Apparency

Release History

The table below summarizes the released versions of Apparency, and what fixes and enhancements were made to each version. You can determine the version you have installed from Apparency > About Apparency.

Release History for Apparency
Version Changes
2.0 (426) Released on May 24, 2024
  • You can now use AppleScript to automate Apparency. Read about what you can do with AppleScript and Apparency, or use Help > Open Scripting Dictionary to browse Apparency's terminology, along with many example scripts.
  • Improved performance when opening components, especially for large or complex apps. Apparency now does more of its analysis in the background, which means the window will open more quickly, and the app shouldn't SPOD while doing analysis. Also, the top-level component is now given priority to start signature verification, so that this most-likely-to-be-interesting information is shown as soon as possible.
  • When opening a Developer ID-signed app, Apparency will now request an updated notification ticket from Apple servers before evaluating the Notarization and Gatekeeper status. This is to avoid a misleading Unnotarized Developer ID status on an app that actually is notarized, but that wasn't “stapled” and hasn't been launched yet. [Read More]
  • Made searching of de facto “code places” more obvious: Apparency now shows a Look in De Facto Code Places button at the bottom of the component browser, which will find and analyze any components in these non-standard locations — without having to close and re-open the window, or having to re-start signature verification for previously-found components.
  • Added option to Always look for components in de facto “code places” under Apparency > Preferences > General. In most cases, this doesn't detract much from the performance of analyzing the app. But for especially large or complex apps (like Xcode), it can still be noticeable, which is why we don't enable this by default. (You can always enable this on a per-app basis, either via the mechanism above, or using the File > Open options.)
  • Added a status bar under the component browser, showing the total number of components, the current selection count, and the progress of loading and verifying the component code signatures.
  • Enhanced File > Open System Component to look for system apps and executables in standard paths like /usr/bin, /usr/libexec and /System/Library/CoreServices. This provides an easy way to open system components from locations that are difficult or laborious to reach from the File > Open dialog.
  • Added Apparency > Preferences > Locations, for configuring where Apparency finds system components for the File > Open System Component command, as well as for customizing which string literal sections Apparency searches in Mach-O executables (for both the File > Open System Library with String Literal command and the Component > Show String Literals from Executable inspector).
  • Added Component > Analyze Executable Using Hopper Disassembler with Architecture, which allows you to start Hopper analysis on something other than the current (active) architecture. This can be handy where you're better versed in the other instruction set, or where Hopper produces better disassembly or decompilation results for that architecture. Alternatively, add the Control key to the usual shortcut — that is, Control-Shift-Command-D — to quickly analyze the inactive architecture from an executable (at least where there is only one inactive).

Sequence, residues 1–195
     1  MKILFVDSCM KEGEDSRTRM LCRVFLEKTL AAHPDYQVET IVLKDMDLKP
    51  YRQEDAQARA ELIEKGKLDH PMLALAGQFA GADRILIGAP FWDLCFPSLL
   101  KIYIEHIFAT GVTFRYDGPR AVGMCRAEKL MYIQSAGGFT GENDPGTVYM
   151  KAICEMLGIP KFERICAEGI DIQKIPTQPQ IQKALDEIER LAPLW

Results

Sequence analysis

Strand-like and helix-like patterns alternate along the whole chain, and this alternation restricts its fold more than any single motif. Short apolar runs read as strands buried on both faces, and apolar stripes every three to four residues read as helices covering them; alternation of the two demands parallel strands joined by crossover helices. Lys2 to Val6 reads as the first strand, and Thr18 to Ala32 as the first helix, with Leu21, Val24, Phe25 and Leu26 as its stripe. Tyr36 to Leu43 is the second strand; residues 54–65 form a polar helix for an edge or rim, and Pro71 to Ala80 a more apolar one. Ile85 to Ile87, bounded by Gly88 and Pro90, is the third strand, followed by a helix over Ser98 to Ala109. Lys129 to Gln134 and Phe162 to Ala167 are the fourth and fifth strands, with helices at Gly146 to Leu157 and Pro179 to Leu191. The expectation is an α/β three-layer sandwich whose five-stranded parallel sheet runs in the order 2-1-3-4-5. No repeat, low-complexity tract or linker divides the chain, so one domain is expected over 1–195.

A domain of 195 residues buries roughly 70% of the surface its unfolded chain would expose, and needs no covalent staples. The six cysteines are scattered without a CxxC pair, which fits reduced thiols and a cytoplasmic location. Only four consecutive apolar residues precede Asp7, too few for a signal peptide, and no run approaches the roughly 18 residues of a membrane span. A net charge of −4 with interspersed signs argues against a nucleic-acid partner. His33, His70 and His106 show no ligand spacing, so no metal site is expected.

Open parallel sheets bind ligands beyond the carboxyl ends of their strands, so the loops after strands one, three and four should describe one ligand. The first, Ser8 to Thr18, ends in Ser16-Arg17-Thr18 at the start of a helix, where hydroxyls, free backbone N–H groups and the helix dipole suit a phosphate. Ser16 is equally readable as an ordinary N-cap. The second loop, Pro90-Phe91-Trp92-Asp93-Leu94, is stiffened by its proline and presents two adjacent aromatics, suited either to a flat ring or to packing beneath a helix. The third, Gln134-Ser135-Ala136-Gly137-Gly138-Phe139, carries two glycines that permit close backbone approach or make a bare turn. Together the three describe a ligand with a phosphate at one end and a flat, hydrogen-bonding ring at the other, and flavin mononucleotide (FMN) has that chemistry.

• Worked around a macOS bug (reported as FB13681128) that would prevent dragging from the Apparency-generated Quick Look preview in the Finder's Preview pane. [Read More]
  • Fixed a bug where a component that has different hardened runtime versions for different architectures would show a Conflicting signatures status for Hardening. This was accurate but confusing; now it will simply show that hardening is enabled, without any version info. (This usually won't occur for apps built with the Xcode toolchain, because the runtime version is based on the SDK in use, but other build tools can produce this situation.)
  • Fixed a bug where the app might show a Conflicting signatures status, but the Quick Look preview showed a different (non-conflicting) status. In such cases, the app was correct about the conflict; the preview was erroneously showing the status for only the active architecture. Now the preview will also show any conflicts, consistent with the app.
  • The appy CLI tool can now be used to open multiple components with a single command.
1.8.1 (346) Released on February 29, 2024
  • Deliver results faster when typing in the Open System Library with String Literal window.
  • Fixed a bug where a visionOS component was reported as requiring a version of watchOS.
  • Fixed a bug that would cause some macOS-defined launchd jobs to be missing from the Launch Information inspector, when the associated component was opened — which could be particularly confusing if you got there by using Open System Component and matched on a launchd job definition.
1.8 (342) Released on February 11, 2024
  • Added File > Open System Component (Control-Cmd-O), which allows you to open a component of macOS itself, by searching for a specific name (or portion thereof). This can be used to open:
    • system frameworks (including those in PrivateFrameworks);
    • system dylibs, even those moved into the DYLD shared cache and not actually on disk; and
    • system executables started as launchd jobs.
    After typing a name, simply pick the desired component from the list to open it. [Read More]
  • Added File > Open System Library with String Literal (Shift-Control-Cmd-O), which also allows you to open a system framework or dylib, but by searching for a specific string embedded in the library. This is similiar to searching the output of strings(1), at least in concept, but it works on (the vast majority of) system libraries that have been moved into the DYLD shared cache. [Read More]